Several studies show that institutions that protect private property rights are a fundamental cause of economic development (Acemoglu, Johnson, and Robinson 2001; Bennett et al. 2016; Faria and Montesino 2009; Gwartney, Holcombe, and Lawson 2006; Hall and Jones 1999; Knack and Keefer 1995; Rodrick, Subramanian, and Trebbi 2004). Although a growing body of literature supports the notion that institutional protection of private property rights is vital for sustainable economic development, researchers continue to use alternative measures for this variable. A growing body of literature also exists that examines the methodology of institutional measurement (Berggren, Bergh, and Bjornskov 2012; Feld and Voigt 2003; Langbein and Knack 2010; Munck and Verkuilen 2002; Voigt 2012, 2013). This paper assesses the methodological strengths and weaknesses of five commonly used measures of property rights, as well as their relative ability to predict the level of economic development.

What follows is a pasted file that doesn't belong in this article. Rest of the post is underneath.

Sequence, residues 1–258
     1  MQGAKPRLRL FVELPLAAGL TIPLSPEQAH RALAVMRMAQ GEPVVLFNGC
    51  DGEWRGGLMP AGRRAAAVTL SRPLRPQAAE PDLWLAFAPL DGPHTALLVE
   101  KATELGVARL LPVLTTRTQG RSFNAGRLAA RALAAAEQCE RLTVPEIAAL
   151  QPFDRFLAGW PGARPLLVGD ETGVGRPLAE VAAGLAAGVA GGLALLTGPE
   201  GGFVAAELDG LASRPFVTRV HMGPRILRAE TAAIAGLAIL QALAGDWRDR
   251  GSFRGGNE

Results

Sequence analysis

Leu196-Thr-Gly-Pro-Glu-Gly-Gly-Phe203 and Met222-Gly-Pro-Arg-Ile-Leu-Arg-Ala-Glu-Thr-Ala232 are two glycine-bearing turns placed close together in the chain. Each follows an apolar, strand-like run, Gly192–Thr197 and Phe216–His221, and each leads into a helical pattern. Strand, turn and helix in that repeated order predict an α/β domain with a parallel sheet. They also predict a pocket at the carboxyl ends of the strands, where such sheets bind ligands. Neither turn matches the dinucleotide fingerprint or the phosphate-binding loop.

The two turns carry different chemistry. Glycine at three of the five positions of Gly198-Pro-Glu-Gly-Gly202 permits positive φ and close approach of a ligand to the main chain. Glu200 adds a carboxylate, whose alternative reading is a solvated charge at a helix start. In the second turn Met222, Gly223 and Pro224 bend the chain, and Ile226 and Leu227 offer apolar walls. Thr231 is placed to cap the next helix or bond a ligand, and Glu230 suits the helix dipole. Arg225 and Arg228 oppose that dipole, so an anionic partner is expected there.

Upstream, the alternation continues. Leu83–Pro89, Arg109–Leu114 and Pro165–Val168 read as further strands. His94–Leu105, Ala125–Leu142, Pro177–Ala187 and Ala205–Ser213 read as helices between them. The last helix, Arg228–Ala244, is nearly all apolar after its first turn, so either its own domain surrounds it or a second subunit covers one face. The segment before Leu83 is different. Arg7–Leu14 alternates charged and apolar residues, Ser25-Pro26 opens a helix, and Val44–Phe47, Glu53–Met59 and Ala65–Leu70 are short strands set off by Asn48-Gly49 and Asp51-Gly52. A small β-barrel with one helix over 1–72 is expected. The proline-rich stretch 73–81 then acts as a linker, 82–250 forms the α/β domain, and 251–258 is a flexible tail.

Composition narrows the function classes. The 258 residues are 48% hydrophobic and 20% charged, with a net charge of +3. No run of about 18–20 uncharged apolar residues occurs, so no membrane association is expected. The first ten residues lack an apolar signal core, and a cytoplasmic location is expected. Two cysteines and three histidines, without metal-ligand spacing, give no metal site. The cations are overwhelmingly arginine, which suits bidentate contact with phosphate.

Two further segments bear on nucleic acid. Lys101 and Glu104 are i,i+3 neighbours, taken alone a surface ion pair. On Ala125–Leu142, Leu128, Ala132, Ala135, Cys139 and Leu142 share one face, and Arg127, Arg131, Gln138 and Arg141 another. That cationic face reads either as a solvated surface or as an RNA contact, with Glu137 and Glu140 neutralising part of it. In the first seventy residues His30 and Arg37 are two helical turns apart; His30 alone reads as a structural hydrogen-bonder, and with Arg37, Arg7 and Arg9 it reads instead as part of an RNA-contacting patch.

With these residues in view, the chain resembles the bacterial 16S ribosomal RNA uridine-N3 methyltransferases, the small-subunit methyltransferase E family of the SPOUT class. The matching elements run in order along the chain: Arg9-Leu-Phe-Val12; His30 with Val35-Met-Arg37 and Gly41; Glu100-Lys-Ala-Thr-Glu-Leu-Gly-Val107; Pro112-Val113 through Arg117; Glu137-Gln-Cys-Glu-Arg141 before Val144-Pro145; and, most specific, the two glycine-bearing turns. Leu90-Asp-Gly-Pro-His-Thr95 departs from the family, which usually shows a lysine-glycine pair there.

The empirical results suggest that the International Country Risk Guide risk of expropriation, Fraser Institute and Heritage Foundation property rights indices, and World Governance Indicator rule of law index measures are all robustly correlated with the level of economic development, and the estimated effects are quantitatively similar across measures. Meanwhile, the Polity IV executive constraints measure has a much smaller and less robust impact on economic development. The methodological analysis suggests that the executive constraints measure may, to a degree, reflect limitations on the political executive's ability to engage in predatory extraction of private property, but it does not reflect similar constraints placed on other governmental bodies or private actors. It is therefore, at best, an incomplete and weak proxy for the protection of private property rights from public predation. The other four measures are based on a strong theoretical concept of property rights, potentially explaining their robust correlation with economic development. This paper also assesses several other methodological features of the measures, including the aggregation method, data objectivity, whether the indicators measure de facto or de jure institutions, the public availability of the data, and the indicators' transparency and replicability.